low-income seniors would be hurt the most. sfwlt subsidies under the senate bill -- >> hold on. the biggest spikes in uninsurance, and i'm just saying what the cbo said, the biggest spikes in uninsurance come from older low-income customers who would also have the hardest time finding affordable insurance. what do you think? >> look, if we're talking about the cbo, let's just think about how they did predicting -- >> no, no, answer my question. we don't have time to talk about the cbo's methods. do you think it's a valuable trade-off to have lower income people, the oldest and lowest income people have the hardest time finding insurance and be the most likely, the biggest spikes in losing their insurance? do you think that's a fair trade-off? >> i don't think that's what will happen under the senate bill. >> that's what the cbo says will happen. >> i don't believe them. >> let's go to jonathan cone -- why shouldn't they? because they were spot-on in the number of people who would get insurance. they had a different mix -- >> no, they weren't spot-on. they were incredibly wrong about it. they were wrong about how much it would cost and who would be insured. >> they were not. health costs have gone down and number of people overall have gotten insurance correct. the mix of people who got it in
the non-group market versus the 72 million on the medicaid, the mix is what they got wrong. i want to get jonathan chone in here. because the thing we know about this idea that is floating through the senate, and this is aside from them saying we'll repeal the whole thing. is there's a one for one trade-off taking place here. approximately $700 million in tax cuts that go overwhelmingly to not just the top 1% but the top 0.1%, so $700 billion in tax cuts for them. for $700 billion in cuts to medicaid. and that is the equivalent, essentially, of having the top 400 richest households in america, okay, the top 400 richest people in america, their tax cut is the equivalent to medicaid for arkansas, alaska, west virginia and nevada combined. is that a fair trade-off in any way in your mind, mr. cohen? >> so, i mean, look, whether it's a fair trade-off, that's a value judgment, right?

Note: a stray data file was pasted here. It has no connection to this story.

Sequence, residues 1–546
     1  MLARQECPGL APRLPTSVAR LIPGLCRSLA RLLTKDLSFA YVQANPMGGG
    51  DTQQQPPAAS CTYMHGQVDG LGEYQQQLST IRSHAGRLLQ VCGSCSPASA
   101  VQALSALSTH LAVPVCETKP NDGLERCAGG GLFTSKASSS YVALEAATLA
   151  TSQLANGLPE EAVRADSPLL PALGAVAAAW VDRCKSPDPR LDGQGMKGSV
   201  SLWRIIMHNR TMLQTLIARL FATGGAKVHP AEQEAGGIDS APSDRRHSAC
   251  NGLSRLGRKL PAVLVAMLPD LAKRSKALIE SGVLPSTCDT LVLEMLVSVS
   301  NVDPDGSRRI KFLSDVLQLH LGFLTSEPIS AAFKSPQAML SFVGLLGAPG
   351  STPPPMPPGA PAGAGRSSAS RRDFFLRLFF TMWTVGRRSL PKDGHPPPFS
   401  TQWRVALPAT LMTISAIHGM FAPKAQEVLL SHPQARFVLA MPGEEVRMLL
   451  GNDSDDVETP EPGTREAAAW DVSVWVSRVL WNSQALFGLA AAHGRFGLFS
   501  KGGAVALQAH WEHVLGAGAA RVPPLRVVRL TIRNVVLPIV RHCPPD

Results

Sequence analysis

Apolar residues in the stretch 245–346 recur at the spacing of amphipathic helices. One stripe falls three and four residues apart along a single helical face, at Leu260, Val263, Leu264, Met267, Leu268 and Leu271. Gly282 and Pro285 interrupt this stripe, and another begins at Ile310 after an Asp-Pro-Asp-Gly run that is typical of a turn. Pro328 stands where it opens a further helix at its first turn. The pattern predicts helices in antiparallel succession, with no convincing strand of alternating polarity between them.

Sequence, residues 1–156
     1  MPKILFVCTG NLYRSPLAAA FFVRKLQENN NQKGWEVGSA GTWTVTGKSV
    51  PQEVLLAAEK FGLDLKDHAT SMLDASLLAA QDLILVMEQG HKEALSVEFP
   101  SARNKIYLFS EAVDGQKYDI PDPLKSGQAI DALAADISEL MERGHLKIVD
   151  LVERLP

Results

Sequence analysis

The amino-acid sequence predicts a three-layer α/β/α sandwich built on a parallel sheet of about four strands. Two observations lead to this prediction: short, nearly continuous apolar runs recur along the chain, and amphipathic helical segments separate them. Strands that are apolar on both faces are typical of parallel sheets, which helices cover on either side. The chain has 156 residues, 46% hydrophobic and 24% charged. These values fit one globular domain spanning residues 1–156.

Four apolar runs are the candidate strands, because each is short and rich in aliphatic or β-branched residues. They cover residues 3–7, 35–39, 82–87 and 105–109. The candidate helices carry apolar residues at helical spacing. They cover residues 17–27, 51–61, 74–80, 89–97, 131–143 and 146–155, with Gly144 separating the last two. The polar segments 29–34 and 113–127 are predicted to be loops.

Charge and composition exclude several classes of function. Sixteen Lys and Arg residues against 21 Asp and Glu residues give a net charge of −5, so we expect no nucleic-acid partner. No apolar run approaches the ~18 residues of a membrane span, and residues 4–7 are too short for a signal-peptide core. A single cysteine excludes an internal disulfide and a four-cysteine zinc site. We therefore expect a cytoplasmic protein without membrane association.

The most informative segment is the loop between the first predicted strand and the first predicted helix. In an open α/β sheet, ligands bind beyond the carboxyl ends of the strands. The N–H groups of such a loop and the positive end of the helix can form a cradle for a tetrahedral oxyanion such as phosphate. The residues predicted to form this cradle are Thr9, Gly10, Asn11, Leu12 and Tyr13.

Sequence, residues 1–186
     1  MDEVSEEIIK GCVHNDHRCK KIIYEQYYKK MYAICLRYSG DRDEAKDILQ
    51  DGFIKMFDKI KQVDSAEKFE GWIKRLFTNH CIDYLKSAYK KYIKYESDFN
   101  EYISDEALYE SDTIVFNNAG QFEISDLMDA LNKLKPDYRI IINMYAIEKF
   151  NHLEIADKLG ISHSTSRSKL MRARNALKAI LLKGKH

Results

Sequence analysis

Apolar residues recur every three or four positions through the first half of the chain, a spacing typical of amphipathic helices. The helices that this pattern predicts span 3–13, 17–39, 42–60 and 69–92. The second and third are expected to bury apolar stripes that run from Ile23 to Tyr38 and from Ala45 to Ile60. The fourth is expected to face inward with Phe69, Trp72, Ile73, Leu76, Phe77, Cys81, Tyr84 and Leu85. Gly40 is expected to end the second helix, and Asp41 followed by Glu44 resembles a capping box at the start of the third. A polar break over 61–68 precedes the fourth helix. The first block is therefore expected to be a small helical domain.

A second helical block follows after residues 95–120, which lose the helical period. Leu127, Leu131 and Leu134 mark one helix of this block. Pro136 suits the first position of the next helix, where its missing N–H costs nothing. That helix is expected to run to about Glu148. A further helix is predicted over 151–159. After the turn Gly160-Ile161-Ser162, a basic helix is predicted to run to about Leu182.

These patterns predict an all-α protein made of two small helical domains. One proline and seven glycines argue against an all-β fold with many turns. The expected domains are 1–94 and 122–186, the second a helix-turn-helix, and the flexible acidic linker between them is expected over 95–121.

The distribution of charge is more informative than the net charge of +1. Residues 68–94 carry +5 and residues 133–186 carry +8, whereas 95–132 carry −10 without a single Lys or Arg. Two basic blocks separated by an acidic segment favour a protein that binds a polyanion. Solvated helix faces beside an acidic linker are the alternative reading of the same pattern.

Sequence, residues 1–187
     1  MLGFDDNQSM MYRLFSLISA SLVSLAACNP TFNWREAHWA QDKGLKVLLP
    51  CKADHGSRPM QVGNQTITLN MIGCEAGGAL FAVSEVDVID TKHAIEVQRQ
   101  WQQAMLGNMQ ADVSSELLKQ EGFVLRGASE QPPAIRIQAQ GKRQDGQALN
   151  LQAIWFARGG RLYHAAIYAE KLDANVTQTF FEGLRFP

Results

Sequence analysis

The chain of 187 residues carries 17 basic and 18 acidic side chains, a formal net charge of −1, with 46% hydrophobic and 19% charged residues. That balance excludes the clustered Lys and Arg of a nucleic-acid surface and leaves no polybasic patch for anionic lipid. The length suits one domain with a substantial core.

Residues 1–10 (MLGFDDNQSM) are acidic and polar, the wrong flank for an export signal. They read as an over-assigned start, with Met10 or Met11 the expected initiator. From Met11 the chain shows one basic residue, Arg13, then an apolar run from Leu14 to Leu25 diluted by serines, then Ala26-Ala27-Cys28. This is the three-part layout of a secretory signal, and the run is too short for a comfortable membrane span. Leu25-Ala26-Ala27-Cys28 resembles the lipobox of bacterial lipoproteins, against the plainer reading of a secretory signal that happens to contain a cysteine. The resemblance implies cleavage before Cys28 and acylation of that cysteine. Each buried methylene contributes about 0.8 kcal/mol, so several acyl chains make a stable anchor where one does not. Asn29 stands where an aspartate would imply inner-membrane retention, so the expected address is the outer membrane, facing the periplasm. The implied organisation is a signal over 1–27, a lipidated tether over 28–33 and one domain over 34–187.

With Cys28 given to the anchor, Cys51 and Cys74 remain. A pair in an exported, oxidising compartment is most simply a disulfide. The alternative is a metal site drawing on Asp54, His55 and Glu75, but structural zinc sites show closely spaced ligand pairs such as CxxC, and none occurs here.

some people would say it's fair, some people would say it's not. but i think that's exactly the right way to think about this. and you know, we talk about health care, there's so many moving pieces. you were just talking with your guest about the mandate and the effects of the subsidies and where it all -- and there's some dispute over where -- you know, how this piece affects that piece and how many people are voluntarily dropping coverage or whatever. but the key thing to remember to pan out just like you did to say, look, this is taking a trillion dollars away from programs that help people pay their medical bills. it's coming out of medicaid. it's coming out of subsidies to help people buy private insurance. if you take that much money out of federal health care programs, a trillion dollars over ten years, one way or another you are telling millions of people they are not going to be able to pay their medical bills. it's just a reality. that is what we are looking at with this bill. and that is why this bill is so hard to pass because every time you look at it they tinker with the pieces, they move a little money here, they move a little money there, but at the end of the day there are millions of people who won't have health